Schroders to launch democratising public-private blended products

Individual investors would like to invest in private equity but need a product, according to Schroders’ head of private equity.

Individual investors have a strong appetite for private equity investment but are held back by regulation and liquidity concerns, according to one of Schroders Investment Management‘s top executives.

Such investors would “like to invest in private assets and private equity, but what they need is a product”, said the global asset manager’s head of private equity Rainer Ender, speaking at its Private Asset Media Summit on Monday.

Schroders is set to launch such products, including a public-private blended offering as well as initiatives that would cover multiple private asset categories, Ender said. He did not provide further details of the offerings.

“The product typically has two main challenges,” Ender explained. “One challenge is the regulation overall. That is very difficult, honestly. Regulation is different in every country, different by investor type, and regulation tries to protect investors, but in some cases it may be that it hinders investors from access… The other topic is clearly liquidity, because private assets have a long-term hold philosophy, and therefore liquidity is less available.”

He said these were the two main elements to overcome to create a bridge between individual investors and the private asset market.

Schroders has already launched four products over the past 18 months that total almost £700 million ($990 million; €812 million) in net asset value, according to Ender.

He said such products include semi-liquid offerings, such as tender offer and interval funds that offer contributions or quarterly redemptions and may still be limited to qualified or professional investors. He added that these products behave much like mutual funds.

Ender noted that single-fund feeder structures are also a way of overcoming the relatively high ticket size necessary to commit directly to funds, as are crowdfunding-style vehicles targeting venture assets.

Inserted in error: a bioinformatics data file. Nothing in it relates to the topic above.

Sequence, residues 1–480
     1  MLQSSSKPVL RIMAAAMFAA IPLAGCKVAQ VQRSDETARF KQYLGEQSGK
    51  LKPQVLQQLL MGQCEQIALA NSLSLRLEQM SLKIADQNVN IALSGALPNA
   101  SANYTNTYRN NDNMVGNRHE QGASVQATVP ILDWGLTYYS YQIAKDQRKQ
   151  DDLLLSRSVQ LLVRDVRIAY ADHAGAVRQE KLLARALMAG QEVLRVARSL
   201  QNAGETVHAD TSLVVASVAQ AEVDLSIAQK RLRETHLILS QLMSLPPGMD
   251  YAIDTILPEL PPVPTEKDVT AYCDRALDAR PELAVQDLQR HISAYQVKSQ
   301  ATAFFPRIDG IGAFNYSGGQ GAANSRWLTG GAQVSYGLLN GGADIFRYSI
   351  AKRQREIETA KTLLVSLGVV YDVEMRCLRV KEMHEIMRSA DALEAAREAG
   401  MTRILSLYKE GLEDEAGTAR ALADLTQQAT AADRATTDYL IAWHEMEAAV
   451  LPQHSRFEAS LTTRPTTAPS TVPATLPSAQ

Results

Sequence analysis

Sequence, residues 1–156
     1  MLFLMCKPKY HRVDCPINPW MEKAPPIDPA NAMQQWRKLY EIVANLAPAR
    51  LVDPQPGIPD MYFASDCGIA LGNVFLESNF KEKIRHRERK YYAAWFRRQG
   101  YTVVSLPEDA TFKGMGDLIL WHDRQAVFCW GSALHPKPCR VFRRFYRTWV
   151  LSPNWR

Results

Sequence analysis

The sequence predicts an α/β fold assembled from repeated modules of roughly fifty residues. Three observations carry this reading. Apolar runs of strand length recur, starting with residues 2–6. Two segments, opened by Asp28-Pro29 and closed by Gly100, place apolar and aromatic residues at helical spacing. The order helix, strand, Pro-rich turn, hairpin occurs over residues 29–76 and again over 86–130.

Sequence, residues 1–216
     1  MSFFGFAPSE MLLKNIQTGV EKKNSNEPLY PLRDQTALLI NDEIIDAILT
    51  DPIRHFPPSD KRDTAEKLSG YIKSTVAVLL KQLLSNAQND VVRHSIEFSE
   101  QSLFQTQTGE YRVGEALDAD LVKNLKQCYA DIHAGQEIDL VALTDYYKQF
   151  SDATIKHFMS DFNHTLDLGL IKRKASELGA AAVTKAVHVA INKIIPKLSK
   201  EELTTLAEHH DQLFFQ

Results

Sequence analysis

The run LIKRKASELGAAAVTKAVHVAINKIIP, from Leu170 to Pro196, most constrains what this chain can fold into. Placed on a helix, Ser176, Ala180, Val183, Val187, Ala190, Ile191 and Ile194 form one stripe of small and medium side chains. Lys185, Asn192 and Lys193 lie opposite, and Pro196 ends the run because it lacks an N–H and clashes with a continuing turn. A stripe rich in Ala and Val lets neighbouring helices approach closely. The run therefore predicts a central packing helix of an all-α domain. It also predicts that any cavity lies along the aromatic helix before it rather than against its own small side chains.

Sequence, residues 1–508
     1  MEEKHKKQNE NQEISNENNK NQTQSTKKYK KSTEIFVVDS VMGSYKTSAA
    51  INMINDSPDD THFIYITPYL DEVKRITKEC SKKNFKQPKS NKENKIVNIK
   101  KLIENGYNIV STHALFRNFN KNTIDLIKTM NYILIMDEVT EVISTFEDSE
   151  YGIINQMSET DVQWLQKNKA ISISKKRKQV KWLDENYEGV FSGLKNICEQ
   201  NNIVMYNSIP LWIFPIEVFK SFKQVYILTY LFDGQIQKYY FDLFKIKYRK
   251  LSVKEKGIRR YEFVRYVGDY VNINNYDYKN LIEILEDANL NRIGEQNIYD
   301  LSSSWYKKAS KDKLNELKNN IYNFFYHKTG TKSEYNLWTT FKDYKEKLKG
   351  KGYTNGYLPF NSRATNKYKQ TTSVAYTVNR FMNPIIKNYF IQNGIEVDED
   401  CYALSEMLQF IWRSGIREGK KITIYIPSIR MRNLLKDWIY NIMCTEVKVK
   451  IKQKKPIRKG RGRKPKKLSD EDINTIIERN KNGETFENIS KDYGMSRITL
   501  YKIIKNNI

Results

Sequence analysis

In May, the UK Financial Conduct Authority proposed easing capital-raising rules via a new, open-end fund structure that would give the country’s defined contribution pensions a piece of private markets action, Private Equity International reported.

In the US, Fidelity – bolstered by guidance last year from the Department of Labor – in April began to allow professional investor clients to gain access via a direct feeder structure to the underlying LP/GP structure. It did so as part of a tie-up with Moonfare, a fintech fundraising platform in which the firm owns a minority stake.

Among the firms that welcomed the DoL’s guidance were Partners Group and Pantheon. The pair were the immediate beneficiaries of the development, having spent years building DC-compatible private equity products that offer the regular liquidity and daily reporting of mutual funds.

Other tools have been developed to further open up private equity to non-institutional capital, such as 40 Act funds, which permit managers to raise pooled investment vehicles via non-institutional US citizens or taxpayers. Hamilton Lane is among the firms that have launched such vehicles in recent months. Its evergreen 40 Act fund, launched in January, offers qualified US clients exposure to a mix of secondaries, direct investments and co-investments in credit and equity for a minimum investment of $50,000.

– Adam Le contributed to this report.